While studying theology, Petráček began to concern himself with issues in the history of Catholic exegesis during the modernist crisis. One of the key figures in Fribourg was the Old Testament Exegesis Professor Vincent Zapletal (1867–1938) of the Dominican Order, who worked at the Theological Faculty of the University from 1893 to 1928. Zapletal was among the most significant figures in progressive Catholic exegesis, along with the French biblical scholar Marie Joseph Lagrange OP and German Jesuit Franz von Hummelauer. Zapletal sought a scientific interpretation of the Bible and employed a historical-critical method, and became a victim of the anti-modernist crisis in the Catholic Church between 1904 and 1914. Petráček completed a critical biography entitled Bible Science in the Period of the (Anti-)Modernist Crisis: The Life and Work of Vincent Zapletal OP (1897–1938). It was published in 2006 in the Czech Republic (Výklad Bible v církvi v době (anti-)modernistické krize. Život a dílo Vincenta Zapletala OP (1897–1938)). There was also an abridged French version, Le Pere Vincent Zapletal O.P. (1867–1938). Portrait d'un exegete catholique. Studia friburgensia – Series historica 6, Fribourg 2007, which dealt with the life of Zapletal before the appearance of the anti-modernist crisis and its aftermath. Petráček has also published numerous studies and articles appearing in the academic journals such as Revue Biblique or Memoire Dominicaine and most of them in the Czech journal Salve. The culmination of his research work is The Bible and Modern Criticism: Progressive Czech and World Exegesis in the Vortex of the (Anti-)Modernist Crisis, which was published by the Vyšehrad publishing house in 2011 (Česká a světová progresivní exegeze ve víru (anti-)modernistické krize).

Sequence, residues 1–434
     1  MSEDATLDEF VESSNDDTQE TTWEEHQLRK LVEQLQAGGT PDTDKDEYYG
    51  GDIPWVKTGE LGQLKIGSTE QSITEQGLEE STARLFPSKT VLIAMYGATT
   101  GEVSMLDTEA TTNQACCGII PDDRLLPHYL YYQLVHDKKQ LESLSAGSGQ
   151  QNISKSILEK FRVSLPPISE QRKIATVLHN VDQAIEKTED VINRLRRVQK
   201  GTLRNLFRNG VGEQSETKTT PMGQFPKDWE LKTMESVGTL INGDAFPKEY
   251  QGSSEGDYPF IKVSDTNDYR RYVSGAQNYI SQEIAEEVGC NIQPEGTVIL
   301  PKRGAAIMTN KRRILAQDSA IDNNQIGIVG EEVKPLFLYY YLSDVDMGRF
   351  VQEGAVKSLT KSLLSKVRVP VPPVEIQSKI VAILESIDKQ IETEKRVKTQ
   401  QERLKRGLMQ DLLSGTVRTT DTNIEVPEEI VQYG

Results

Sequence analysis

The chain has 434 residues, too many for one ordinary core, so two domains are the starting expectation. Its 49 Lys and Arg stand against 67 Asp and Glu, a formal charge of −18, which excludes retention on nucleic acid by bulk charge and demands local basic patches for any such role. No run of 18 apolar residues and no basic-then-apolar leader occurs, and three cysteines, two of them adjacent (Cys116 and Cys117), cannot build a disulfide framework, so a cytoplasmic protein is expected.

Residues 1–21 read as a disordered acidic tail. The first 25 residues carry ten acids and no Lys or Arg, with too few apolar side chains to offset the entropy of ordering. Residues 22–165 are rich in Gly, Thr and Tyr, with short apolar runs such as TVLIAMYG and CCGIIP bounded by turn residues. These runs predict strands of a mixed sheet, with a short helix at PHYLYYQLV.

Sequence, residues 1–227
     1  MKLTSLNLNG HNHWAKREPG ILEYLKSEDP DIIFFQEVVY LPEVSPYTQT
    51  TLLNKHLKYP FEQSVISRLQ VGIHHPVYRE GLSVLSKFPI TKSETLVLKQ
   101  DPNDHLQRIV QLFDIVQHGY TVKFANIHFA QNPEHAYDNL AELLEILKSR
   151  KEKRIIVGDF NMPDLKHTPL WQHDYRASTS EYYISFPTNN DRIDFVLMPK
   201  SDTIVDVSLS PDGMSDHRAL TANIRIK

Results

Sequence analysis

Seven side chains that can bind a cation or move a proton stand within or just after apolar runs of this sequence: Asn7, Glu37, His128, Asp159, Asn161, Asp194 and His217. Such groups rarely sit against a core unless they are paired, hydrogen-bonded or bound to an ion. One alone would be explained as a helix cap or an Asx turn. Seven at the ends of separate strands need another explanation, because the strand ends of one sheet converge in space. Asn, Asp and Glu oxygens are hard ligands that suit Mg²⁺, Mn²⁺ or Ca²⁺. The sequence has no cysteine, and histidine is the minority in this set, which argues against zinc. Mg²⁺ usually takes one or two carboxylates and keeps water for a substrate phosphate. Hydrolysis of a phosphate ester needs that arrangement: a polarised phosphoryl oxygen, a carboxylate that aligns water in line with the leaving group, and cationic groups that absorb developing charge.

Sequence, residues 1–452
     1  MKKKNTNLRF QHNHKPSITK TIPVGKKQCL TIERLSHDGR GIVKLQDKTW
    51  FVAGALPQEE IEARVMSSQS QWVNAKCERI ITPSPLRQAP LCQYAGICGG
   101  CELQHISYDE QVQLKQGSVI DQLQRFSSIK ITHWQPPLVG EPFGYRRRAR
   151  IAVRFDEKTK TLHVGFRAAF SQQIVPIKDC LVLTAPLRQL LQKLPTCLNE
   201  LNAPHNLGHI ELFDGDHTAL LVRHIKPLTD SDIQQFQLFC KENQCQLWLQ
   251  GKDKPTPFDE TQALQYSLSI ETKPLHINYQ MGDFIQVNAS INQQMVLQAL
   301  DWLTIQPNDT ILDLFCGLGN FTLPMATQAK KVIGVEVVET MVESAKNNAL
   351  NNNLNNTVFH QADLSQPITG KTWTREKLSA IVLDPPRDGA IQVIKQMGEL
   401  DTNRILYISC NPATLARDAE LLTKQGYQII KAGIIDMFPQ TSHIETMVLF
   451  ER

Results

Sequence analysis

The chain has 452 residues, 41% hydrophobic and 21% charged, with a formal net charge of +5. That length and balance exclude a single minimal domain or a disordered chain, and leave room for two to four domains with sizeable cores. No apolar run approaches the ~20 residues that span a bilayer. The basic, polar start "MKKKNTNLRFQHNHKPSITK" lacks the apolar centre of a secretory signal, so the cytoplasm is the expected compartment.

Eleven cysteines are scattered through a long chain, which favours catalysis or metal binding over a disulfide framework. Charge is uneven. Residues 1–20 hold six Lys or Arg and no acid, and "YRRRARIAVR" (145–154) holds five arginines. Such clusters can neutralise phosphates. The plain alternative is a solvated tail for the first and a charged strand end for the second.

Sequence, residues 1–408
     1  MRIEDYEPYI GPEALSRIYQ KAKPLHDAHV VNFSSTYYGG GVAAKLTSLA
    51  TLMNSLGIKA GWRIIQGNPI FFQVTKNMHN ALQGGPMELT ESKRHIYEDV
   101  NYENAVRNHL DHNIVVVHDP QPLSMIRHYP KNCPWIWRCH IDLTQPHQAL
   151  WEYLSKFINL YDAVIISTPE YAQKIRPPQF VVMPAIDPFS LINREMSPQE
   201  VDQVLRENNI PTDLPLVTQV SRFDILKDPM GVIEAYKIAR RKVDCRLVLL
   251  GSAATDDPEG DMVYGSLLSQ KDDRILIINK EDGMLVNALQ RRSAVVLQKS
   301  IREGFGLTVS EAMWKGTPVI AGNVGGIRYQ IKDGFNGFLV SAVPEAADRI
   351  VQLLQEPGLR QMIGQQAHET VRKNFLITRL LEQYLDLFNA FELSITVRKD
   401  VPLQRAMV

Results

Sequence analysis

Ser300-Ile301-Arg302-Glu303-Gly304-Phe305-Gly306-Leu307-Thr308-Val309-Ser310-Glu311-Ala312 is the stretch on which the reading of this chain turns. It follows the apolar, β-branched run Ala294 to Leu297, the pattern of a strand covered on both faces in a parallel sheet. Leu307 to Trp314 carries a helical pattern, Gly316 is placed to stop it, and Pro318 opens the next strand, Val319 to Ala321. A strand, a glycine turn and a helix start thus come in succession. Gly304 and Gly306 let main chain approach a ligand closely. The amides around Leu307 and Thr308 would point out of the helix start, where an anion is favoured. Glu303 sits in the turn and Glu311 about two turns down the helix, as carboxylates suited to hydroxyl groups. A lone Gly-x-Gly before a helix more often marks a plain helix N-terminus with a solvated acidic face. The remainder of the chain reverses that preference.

Other scholarly interests of Petráček include historical anthropology and issues related to cross-cultural communication, adaptation, and the diversity and dynamics of society and culture in European history, particularly in the area of church, social and religious history. Petráček has examined the question of the causes and roots of the dynamic secularization of the Czech lands and in 2013 published Secularization and Catholicism in the Czech lands: Specific Aspects of the Czech Route from National Church to the Most Atheist Country in the World. (Sekularizace a katolicismus v českých zemích. Specifické rysy české cesty od lidové církve k nejateističtější zemi světa). In investigating the underlying causes of secularization trends, Petráček has looked into the overall adaptive ability of Christianity, publishing articles and studies concerning this issue as well as a monograph in 2013 entitled Adaptation, Resistance, Resignation: The Church, Society and Changes in Modern History (Adaptace, resistance, rezignace. Církev, společnost a změna v novověkých dějinách).
In the Polish publishing house El Press he published three monographs in English. In his first English book In the Maelstrom of Secularization, Collaboration and Persecution. Roman Catholicism in Modern Czech Society and the State, author explores the various processes which culminated in Roman Catholicism drastically falling in both position and status in the modern Czech culture, society, and state, thus rendering a privileged and self-confident national church a problematic, humiliated, barely tolerated and, for much of the 20th century, brutally persecuted community.
In the second English book Church, Society and Change. Christianity impaired by conflicting elites, he presents four model situations to proof, that the way in which the Christian elites of the different confessions coped with the primary problem of a divided Christendom is interpreted as a moment of rupture in the history of the Western church, which undermined its adaptive and innovative capacities and so set European society on the path to modern secularisation.